“That’s Bobby’s guitar,” Alex said. “The artwork is custom. There’s no two alike.” She pulled her wallet from her purse and showed Al a picture of Sarah and Bobby. “Is this the man who sold you the guitar?”
“Not even close,” Al said.
“You’re sure?” Holt asked.
Al nodded. “In my business, it pays to remember faces. The guy who sold me the guitar was older, his hair lighter. His eyes were wider set and his nose had been broken before, probably more than once. I used to box, so I know the look.”
Holt tried to control his excitement at the first possibility of a decent lead. “Do you think you can work with a sketch artist to get a composite of the man?”
“Ain’t no need.” Al pointed to one of the monitors on his desk. “This is the one that’s got the footage you want to see. Real up close and personal.”
Holt and Alex leaned over the desk for a closer look at the monitor. At first, it was just Al standing behind the counter, working on a broken jigsaw, then a shadow appeared on the counter and a man stepped up.
Holt struggled to contain his disappointment. “The camera only catches him from behind?”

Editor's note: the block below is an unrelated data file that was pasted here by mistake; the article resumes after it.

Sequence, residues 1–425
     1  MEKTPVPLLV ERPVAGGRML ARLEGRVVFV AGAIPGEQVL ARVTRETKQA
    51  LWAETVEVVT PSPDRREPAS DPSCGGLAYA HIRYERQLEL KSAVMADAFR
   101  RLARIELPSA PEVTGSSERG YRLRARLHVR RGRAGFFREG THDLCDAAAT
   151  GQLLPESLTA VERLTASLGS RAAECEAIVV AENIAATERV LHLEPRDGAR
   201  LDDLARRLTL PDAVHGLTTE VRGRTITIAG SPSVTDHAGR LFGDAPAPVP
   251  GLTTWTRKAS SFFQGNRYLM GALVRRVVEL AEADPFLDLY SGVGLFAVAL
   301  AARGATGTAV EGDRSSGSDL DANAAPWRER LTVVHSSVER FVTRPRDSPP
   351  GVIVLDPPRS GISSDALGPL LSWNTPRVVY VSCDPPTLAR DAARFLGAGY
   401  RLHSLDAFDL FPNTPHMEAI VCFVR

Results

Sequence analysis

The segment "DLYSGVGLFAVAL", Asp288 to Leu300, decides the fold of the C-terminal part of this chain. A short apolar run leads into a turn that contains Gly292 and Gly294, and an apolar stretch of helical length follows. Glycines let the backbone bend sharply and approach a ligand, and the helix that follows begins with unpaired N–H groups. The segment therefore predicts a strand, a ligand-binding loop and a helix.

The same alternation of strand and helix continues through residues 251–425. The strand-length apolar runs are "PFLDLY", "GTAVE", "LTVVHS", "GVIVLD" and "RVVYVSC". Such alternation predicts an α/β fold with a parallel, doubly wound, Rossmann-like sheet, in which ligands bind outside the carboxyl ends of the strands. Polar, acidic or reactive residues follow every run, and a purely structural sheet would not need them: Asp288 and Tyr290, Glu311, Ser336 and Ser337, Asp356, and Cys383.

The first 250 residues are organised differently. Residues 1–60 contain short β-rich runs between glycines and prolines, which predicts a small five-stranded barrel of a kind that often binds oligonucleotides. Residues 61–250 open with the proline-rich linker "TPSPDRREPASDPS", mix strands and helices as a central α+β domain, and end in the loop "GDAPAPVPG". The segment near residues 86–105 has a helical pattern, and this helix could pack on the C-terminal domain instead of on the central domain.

“Wait a minute,” Al said. “They’re on rotation. The frame will switch to the camera behind the counter in a couple of seconds.”
Sure enough, a couple of seconds later, the monitor blinked and the view switched to one from behind the counter. Holt studied the man’s face, but was certain he’d never seen him before.
“Well?” Al asked.
“You gave a great description,” Holt said, “and that’s certainly not Bobby. Unfortunately, I’ve never seen that man before.”
Alex shook her head. “Me, either.”
“This Bobby,” Al said, “is he in some kind of trouble?”
“It’s beginning to look like it. His six-year old daughter went missing two days ago. Bobby and his wife are recently separated, and when someone went to question him about the missing girl, they found his place empty.”
Al frowned. “That doesn’t sound good. I got a little girl myself. Anything happens to her…well, let’s just say no man wants to be on the other end of that.”
Holt nodded. “I totally agree.”
“You can take the guitar. It’s likely stolen goods and that’s the cost of doing business sometimes.”
“I appreciate it,” Holt said. He was just about to turn away when the man selling the guitar pulled his right hand out of his jean’s pocket and reached for a pen on the counter. Holt stared at the monitor, his pulse ticking up with every second.
The man had the eye tattoo on the back of his hand.
“Can I take the video with me, too?” Holt asked. “I’d like to run this guy through the system and see if I come up with anything.”
“Of course.” Al pulled the tape from the VCR and handed it to Holt. “Hey, man, would you mind letting me know when you find that little girl? It’ll be on my mind…”